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US President Barack Obama has urged the communications regulator to support net neutrality, saying that equal internet access should be a basic right for all Americans, in a move that sparked outrage among cable and telecoms groups.

What is “net neutrality”?

At its simplest, net neutrality just means that everyone gets equal access to the internet wherever you are and whoever you are. Net neutrality advocates in Europe and the US – now including Mr Obama – are looking to enshrine the principles of unrestrained freedom of internet access in law.

What are the proposals?

Brussels regulators wants to see net neutrality included as part of a wider “connected continent” package of reforms, which will also cut roaming costs, while Mr Obama wants to see the Federal Communications Commission reclassify broadband as a public utility to guarantee equally universal access.

Seems fair – so why would the telecoms sector be against giving internet access? Isn’t that their business?

It sure is, but telecoms and cable companies also like to charge a bit extra for people who want a premium service – so-called internet “fast lanes”. For example, internet TV services can pay to cut out stalling or “buffering” their shows, or computer games providers to host thousands of people fighting each other in massive open world battles.

Telecoms companies compare this to the airline industry where some pay extra to go first class and others are happy in economy class – but they all get to the same place in the end. To do this, though, telecoms groups sometimes “throttle” back the services that have not paid for the upgrade.

Throttling?!

It is as good a name as any for the effect in “squeezing” the pipe that supplies your internet. Services such as Skype – which directly compete with telecoms services from the internet providers – have been throttled in the past. As have certain bandwidth hogging services such as YouTube – causing the ticking clock of doom as users wait patiently for services to start. At a recent conference, Reed Hastings, chief executive of internet video group Netflix, argued that internet “slow lanes” were damaging the digital economy.

So is it just naked commercialism for the telecoms sector?

Not entirely. Companies make some valid points about needing to manage traffic sensibly given the huge rise in data services, while they also want to provide innovative services that require guaranteed levels of delivery quality such as telemedicine or e-education.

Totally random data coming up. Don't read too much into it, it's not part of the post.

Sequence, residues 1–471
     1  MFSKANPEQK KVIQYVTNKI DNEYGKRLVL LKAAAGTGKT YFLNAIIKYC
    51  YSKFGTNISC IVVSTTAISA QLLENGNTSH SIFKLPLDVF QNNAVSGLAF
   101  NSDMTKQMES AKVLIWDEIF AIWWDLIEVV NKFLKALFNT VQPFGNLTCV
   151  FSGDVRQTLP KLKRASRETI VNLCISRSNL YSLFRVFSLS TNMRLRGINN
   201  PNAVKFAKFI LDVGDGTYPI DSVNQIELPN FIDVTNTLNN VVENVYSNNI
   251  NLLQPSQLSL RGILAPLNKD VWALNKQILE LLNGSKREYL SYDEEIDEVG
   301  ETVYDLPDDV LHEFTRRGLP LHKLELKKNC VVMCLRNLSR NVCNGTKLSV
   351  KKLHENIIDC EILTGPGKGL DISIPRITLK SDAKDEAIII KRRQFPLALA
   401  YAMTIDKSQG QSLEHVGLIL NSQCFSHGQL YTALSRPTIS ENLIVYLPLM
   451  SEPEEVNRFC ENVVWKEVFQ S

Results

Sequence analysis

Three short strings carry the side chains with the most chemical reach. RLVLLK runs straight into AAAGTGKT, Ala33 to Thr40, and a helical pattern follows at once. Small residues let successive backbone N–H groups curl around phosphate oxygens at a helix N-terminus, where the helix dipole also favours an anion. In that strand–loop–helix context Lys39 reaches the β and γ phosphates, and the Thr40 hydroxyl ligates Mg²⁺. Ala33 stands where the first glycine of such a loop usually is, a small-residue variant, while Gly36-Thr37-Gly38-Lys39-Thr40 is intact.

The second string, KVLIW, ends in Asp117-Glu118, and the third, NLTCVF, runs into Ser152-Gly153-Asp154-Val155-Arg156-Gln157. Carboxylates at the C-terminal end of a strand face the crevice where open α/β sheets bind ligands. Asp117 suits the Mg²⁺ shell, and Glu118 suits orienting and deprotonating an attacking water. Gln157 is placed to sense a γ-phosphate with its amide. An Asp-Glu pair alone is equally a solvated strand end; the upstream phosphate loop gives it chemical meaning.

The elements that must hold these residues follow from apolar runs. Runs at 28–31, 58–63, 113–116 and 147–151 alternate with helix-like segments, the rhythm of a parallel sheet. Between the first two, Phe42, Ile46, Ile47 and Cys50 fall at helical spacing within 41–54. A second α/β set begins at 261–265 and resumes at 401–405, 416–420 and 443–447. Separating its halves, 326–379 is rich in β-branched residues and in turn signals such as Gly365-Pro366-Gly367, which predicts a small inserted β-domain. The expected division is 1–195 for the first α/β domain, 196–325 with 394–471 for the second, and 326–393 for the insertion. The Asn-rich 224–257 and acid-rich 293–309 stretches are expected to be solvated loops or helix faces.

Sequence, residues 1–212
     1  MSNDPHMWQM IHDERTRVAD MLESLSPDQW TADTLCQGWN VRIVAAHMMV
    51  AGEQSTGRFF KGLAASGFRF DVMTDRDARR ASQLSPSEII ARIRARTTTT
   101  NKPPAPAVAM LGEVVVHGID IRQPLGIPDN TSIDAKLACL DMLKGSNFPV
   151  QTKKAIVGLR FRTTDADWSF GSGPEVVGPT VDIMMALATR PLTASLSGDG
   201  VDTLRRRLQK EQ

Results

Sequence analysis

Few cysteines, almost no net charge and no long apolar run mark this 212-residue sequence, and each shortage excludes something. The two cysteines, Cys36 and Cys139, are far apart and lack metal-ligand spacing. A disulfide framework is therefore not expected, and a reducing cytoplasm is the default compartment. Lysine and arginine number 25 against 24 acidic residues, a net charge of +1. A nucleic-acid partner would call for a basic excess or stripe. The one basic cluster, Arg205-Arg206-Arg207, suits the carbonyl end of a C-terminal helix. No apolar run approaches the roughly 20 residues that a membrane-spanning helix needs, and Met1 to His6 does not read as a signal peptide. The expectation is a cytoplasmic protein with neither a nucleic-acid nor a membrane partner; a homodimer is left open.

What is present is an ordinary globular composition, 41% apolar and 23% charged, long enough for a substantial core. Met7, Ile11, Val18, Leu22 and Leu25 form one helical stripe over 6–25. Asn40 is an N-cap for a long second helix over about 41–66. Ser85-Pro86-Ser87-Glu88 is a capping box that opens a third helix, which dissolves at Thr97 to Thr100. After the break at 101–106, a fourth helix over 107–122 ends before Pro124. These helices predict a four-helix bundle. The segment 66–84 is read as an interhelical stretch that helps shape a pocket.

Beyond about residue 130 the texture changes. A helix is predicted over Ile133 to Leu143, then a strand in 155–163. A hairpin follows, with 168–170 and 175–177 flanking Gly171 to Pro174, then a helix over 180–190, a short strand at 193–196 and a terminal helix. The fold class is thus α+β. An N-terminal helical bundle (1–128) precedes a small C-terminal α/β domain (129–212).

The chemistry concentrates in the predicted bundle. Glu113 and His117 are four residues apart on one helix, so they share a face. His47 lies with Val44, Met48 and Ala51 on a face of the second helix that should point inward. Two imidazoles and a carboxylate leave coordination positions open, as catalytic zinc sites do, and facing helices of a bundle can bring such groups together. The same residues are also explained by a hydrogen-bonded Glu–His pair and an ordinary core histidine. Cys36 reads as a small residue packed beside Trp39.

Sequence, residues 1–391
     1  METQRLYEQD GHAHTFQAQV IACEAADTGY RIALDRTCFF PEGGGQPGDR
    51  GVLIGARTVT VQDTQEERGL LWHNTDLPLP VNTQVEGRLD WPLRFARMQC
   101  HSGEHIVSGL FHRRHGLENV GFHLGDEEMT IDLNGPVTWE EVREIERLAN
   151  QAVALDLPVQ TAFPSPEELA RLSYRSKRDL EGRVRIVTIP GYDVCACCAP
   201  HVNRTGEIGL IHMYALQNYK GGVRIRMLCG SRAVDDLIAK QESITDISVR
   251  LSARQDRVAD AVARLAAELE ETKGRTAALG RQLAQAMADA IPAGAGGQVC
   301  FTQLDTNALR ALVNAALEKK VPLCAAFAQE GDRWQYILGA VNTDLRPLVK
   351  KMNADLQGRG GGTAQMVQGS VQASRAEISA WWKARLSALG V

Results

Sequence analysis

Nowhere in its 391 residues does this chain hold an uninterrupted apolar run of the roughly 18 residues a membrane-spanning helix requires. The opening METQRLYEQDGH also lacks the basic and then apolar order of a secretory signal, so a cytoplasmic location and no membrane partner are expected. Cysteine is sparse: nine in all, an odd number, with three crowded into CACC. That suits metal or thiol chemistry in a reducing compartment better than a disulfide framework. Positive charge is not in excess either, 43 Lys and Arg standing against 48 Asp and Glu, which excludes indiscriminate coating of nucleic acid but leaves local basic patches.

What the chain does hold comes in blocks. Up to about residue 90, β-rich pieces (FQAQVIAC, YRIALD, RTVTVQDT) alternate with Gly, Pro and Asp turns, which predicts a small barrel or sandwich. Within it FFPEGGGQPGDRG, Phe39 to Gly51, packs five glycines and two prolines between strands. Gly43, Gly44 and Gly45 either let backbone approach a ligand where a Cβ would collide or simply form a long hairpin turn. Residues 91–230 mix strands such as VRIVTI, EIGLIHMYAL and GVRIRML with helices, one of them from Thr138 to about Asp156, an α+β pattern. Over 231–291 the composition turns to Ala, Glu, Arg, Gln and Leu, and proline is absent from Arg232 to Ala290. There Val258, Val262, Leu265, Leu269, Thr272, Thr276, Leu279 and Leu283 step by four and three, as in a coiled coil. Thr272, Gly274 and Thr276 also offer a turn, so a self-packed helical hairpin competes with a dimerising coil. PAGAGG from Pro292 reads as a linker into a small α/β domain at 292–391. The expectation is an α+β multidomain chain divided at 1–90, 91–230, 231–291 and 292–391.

Another of their arguments is that they need the higher revenues from offering a premium service to fund investment in next-generation networks. However, some counter that they get sufficient funds from broadband customers.

Do the net neutrality advocates agree?

Not especially. There is potentially some scope in the European proposals for loopholes on specialised services. But more fundamentally, the need for a “first class” service is entirely rejected by net neutrality advocates – Mr Obama among them – who argue that the internet is a basic utility that everyone should have equally good access to (unlike flying first class). It raises all sorts of contextual questions about whether the right to access the internet is really equal to, say, water or electricity – but most people in the western world probably rely on their home and mobile broadband now as much as they do such utilities.

So what happens next?

The telecoms and cable companies are vehemently opposed to all regulation supporting net neutrality and the debate could yet end up in years of legal wrangling. In the US, the FCC has already lost two court cases on net neutrality before its latest revision allow internet service providers (ISPs) to charge services like YouTube to reach customers at higher speeds on “commercially reasonable” terms. The FCC will now consider Mr Obama’s intervention. But in Europe, it is a battle that telecoms groups will lose if existing proposals go ahead – as officials insist they will in spite of the departure of chief architect Neelie Kroes.

Copyright The Financial Times Limited 2017. All rights reserved.
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